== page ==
25 August, 2021

Deliberative Democracy in Australia: An update from Down Under

The last year has seen a huge surge in deliberative democracy in Australia, driven by changes to Victoria's Local Government Act, gazetted in 2020. The Act now mandates that local councils engage in "deliberative engagement practices" when developing their Community Vision, the Council Plan, the Financial Plan and the Asset Plan. With Council Plans due this year, there have been lots of deliberative panels - and many of these have been chosen through random selection.

Since January 2020, we've helped conduct independent selections, based on demographic criteria and on the fairest algorithm for random selection, in 11 councils, with seven of those using the 'gold standard' of sending out letters to randomly selected addresses, followed by choosing a demographically representative cohort using our selection software, the fairest algorithm in the world.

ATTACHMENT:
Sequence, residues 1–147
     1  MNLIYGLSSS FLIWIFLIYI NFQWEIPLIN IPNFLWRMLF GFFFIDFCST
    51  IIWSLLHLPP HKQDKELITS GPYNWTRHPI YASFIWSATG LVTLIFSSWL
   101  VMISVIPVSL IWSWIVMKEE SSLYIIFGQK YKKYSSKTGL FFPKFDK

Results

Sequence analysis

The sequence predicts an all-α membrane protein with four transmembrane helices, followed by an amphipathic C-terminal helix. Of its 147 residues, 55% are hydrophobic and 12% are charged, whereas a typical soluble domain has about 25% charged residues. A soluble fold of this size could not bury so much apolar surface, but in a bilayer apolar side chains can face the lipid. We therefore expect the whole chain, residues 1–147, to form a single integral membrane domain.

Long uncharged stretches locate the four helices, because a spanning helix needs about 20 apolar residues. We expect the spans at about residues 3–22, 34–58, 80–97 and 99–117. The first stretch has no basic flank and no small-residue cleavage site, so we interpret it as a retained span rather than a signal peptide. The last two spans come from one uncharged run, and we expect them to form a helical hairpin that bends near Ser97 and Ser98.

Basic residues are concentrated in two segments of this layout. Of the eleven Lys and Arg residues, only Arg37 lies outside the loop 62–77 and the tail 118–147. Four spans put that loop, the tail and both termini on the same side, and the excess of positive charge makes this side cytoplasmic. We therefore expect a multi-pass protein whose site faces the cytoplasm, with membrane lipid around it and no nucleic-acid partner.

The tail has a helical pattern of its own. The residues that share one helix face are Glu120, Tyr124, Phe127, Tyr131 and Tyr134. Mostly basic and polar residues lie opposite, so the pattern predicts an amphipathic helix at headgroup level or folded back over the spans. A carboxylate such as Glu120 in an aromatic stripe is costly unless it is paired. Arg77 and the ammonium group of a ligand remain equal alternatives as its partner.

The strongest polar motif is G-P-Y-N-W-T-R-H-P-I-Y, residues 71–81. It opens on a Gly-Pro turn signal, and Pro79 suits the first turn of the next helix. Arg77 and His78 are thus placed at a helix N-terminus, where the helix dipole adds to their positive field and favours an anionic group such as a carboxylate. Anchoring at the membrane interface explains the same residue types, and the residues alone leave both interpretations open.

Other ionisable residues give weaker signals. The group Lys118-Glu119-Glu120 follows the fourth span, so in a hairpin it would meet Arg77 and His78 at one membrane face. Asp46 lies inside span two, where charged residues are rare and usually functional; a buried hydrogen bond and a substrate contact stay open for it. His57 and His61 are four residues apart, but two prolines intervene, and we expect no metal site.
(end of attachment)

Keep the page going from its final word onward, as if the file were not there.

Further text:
To take one example - chosen for this video of the participants - the City of Yarra held a panel of 55 people. While 40 were selected randomly, the additional 15 people were chosen to represent those at risk of underrepresentation, in particular Aboriginal and Torres Strait Islander communities, people living with a disability and those aged 15-18. The Council has adopted the new vision, and promised that its work will be guided by the eight themes identified by the panel, including environmental sustainability, social equity and shared governance.

In Tasmania, we've also seen the first political party committed to citizens' assemblies formed - and according to their website they're already working on assemblies on three issues: marine planning, justice reform and energy.

This wave of deliberation is starting off in Victoria, but we look forward to it spreading across the country.

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